Creating a 1 meter RGB POV display with Raspberry Pi and LPD8806 LED strips

First attempt to display a PNG image.

I set out to create a large POV display for a local quarterly art installation called The Urban Art Project, in Great Falls, Montana.  The space is 8 feet wide, 5′ 8″ tall, and around 17 inches deep.  Two 1 meter rotors would nicely fit the space.


I wanted a project that would incorporate mechanical, electronic, and software elements, and eventually deliver a canvas to build artistic creations upon.  The spinning POV display has caught my attention for years because of it’s apparent simplicity, yet it requires all of the disciplines listed.  Based on what I’ve found with Google, there aren’t very many large format RGB displays.  Challenge accepted!


  • Must run continuously for 90 days.  Ideally longer if I decide to sell the displays when the show is over.
  • Must withstand temparatures of 100 F degrees.
  • Must achieve a minimum of 5 frames per second.
  • Must achieve an angular resolution of <LEDs across> * pi, or at least 188 divisions.
  • Display PNG, JPG and animated GIF images.
  • On-site software update via WiFi.

Hardware Used

  • LPD8806 LED strips with 60 LEDs per meter.  LEDs the full length of the rotor.  This seems like a no-brainer, but it reduces the needed RPM for good persistence by a factor of 2.
  • WS8212 LED strips were used to prototype before I had the LPD strips.  They proved to be too slow for this display, just as Adafruit’s product page advised.
  • Raspberry Pi A+ with 3.3v -> 5v level shifter for SPI communication and WiFi dongle.  Level shifter and power/led/sensor connections are mounted on an Adafruit perma-proto board.
  • Hall effect sensor US5881LUA.
  • Timing belt and pulleys to reduce A/C motor RPM and increase torque to rotor.
  • 6 conductor (2 amps each) 12mm slip ring.  2 conductors for +5v, 2 conductors for ground, 2 conductors for SPI communcation.  Rated to 250 RPM.  I plan to overdrive this until it dies and watch for better alternatives.
  • Carbon fiber arrow shafts for rotor arms.
  • Machined aluminum rotor hub.
  • Skateboard bearings.

3d Printed Parts

  • Timing pulleys (
  • Hall effect sensor mount
  • LED strip mount to arrow shaft mounts
  • Motor fans
  • Bearing blocks for main rotor shaft.

CNC Machined Parts

  • Rotor hub
  • Motor mounts

A/C Motors Tested

  • Random 9″ fan motor – I threw this one out.  Similar to the 4M076D, but smaller.  Way underpowered.  4:1 pulley ratio resulted in around 200 RPM at the rotor.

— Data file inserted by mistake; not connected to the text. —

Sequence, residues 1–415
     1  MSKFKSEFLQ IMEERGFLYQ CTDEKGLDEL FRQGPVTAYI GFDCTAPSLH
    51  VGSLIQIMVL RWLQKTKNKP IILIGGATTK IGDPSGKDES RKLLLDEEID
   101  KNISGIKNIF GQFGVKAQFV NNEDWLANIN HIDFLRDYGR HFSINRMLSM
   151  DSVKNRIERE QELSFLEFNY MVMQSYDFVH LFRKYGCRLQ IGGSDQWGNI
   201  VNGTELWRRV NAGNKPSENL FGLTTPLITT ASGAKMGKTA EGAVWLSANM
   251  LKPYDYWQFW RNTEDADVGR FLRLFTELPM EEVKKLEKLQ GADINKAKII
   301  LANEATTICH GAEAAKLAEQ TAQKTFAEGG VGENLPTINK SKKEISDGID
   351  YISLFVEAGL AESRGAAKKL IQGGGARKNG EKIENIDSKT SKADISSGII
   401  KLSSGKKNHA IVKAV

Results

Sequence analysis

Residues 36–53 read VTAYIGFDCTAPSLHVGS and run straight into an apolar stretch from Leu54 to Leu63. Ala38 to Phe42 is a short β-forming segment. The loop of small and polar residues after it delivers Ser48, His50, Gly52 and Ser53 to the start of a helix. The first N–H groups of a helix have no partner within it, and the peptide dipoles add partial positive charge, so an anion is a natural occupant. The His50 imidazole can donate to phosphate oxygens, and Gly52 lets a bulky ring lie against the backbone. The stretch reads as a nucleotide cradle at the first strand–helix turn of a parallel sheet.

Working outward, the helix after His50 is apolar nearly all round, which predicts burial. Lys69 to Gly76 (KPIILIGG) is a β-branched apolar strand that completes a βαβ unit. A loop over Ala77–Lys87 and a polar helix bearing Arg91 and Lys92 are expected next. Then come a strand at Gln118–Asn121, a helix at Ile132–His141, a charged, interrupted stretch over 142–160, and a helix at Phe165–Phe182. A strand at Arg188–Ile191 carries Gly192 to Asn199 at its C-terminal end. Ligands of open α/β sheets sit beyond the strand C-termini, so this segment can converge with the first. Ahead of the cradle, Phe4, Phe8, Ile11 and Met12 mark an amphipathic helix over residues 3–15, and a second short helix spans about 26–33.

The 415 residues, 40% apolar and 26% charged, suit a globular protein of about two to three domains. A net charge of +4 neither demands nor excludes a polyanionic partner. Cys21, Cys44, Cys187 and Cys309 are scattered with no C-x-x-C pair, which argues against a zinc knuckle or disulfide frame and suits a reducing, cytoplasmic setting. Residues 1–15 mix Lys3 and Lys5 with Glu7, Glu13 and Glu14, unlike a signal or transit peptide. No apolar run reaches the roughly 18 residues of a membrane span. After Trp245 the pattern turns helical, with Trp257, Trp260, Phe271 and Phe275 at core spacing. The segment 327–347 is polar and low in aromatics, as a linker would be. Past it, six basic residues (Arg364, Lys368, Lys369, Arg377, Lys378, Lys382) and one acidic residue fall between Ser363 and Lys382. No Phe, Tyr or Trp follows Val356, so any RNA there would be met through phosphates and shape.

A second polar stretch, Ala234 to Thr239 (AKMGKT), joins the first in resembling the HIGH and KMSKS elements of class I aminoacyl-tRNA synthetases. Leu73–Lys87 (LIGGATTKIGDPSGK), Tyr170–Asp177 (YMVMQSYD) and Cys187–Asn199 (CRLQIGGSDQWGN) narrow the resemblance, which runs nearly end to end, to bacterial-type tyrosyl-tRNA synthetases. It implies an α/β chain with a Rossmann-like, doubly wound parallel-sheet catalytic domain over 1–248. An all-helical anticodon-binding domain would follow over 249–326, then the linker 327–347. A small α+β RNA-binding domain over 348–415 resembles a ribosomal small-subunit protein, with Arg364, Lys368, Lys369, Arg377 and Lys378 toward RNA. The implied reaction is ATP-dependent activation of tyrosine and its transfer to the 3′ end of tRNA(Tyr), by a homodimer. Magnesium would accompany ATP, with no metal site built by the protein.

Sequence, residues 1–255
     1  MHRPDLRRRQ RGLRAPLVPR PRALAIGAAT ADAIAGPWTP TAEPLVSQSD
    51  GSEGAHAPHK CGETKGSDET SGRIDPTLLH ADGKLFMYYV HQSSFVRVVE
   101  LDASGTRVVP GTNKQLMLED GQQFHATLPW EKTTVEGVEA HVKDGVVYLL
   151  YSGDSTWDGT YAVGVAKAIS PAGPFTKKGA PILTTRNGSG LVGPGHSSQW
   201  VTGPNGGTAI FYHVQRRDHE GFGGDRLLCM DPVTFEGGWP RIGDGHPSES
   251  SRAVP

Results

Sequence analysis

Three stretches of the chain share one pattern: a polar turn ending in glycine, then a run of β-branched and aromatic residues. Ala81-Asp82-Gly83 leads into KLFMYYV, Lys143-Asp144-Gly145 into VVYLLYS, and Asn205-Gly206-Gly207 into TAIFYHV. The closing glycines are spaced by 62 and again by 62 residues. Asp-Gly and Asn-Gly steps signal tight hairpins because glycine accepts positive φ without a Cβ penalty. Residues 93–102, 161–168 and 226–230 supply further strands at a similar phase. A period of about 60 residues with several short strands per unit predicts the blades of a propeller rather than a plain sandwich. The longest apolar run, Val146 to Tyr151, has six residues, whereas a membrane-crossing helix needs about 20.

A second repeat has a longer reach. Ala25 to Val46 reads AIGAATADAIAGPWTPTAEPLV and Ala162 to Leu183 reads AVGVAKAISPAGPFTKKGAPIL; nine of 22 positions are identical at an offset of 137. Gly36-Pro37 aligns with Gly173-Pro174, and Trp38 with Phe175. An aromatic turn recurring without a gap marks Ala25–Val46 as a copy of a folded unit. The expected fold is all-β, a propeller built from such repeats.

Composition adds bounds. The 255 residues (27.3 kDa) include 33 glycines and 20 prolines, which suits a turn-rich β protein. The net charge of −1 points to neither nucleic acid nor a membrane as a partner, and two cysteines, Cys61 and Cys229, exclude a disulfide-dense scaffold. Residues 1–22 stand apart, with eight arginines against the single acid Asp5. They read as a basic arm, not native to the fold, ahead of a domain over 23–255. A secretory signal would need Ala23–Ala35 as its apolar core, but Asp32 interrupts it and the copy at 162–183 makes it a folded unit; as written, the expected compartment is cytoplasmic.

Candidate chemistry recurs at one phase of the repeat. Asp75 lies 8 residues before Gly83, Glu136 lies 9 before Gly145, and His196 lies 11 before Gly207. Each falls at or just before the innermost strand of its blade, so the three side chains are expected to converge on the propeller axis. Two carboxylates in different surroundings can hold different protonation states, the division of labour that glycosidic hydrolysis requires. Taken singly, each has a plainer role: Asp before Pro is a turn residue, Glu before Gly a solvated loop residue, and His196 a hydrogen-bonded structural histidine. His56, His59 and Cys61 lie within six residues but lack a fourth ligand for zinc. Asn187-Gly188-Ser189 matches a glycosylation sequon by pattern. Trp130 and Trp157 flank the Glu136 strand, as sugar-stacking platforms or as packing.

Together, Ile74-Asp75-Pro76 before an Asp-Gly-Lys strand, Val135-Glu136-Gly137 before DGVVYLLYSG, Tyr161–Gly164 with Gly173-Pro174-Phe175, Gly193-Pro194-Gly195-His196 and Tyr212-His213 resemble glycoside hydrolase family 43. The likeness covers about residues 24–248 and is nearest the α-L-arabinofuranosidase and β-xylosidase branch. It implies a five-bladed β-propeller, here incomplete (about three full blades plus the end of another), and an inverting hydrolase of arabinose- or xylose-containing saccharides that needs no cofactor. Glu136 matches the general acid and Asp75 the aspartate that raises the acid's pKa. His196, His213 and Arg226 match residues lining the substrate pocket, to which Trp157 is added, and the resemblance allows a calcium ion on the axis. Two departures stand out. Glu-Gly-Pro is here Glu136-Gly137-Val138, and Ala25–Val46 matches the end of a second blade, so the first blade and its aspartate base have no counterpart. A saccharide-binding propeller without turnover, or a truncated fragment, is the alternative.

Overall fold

• Dayton 4M076D – 1/40 HP, 3000 RPM – underpowered, cooled with a desk fan, with 7.8:1 pulley ratio the rotor turned at ~250 RPM.  Got almost too hot to touch, but not as bad as the smaller, similar motor.  This was a bargain find at a local motor shop.
  • Dayton 3M563B – 1/40 HP, 1550 RPM – plenty of power but no built-in fan, so it required additional cooling.  This was a used motor that eventually died.  I decided to not pursue this one because of the cooling requirement.
  • Holmes 20″ box fan (Target) – Currently testing with a 6.5:1 pulley ratio.  I added a 120mm fan to the front of the 30 tooth pinion.  Rotor speed is ~320 RPM, and the motor is comfortably warm to the touch after over 1 hour.  Next test will be to run overnight.

Possible Enhancements

  • Rotary encoder – Every motor exhibits a certain amount of jitter in it’s rotation speed.  Using a single Hall effect sensor allows the software to determine the rotor’s position and speed once per revolution.  So you occasionally see the display rotate a few degrees for a single frame, then recover.  This effect looks cool and retro, but could be prevented.  Using a rotary encoder would allow the software to correct speed variations many times per revolution.  Combined with a Hall effect sensor, a very steady image could be created.
  • Properly rated motors – Using inexpensive motors with homebrew cooling allowed this project to happen, but if money were no object, the clear choice is a TEFC (enclosed, fan cooled) motor of appropriate size.  These start at around $100 each.
  • More LEDs – Using LPD8806 LEDs, a C language frame buffer and SPI driver, twice as many LEDs could easily be driven.  Especially on a faster Raspberry Pi.  The current setup incorporates a 200us delay after each update to minimize CPU usage.  Without this delay it achieves over 400 updates per rotation with 60 LEDs.  An FPGA is a cool exercise, but is not strictly needed.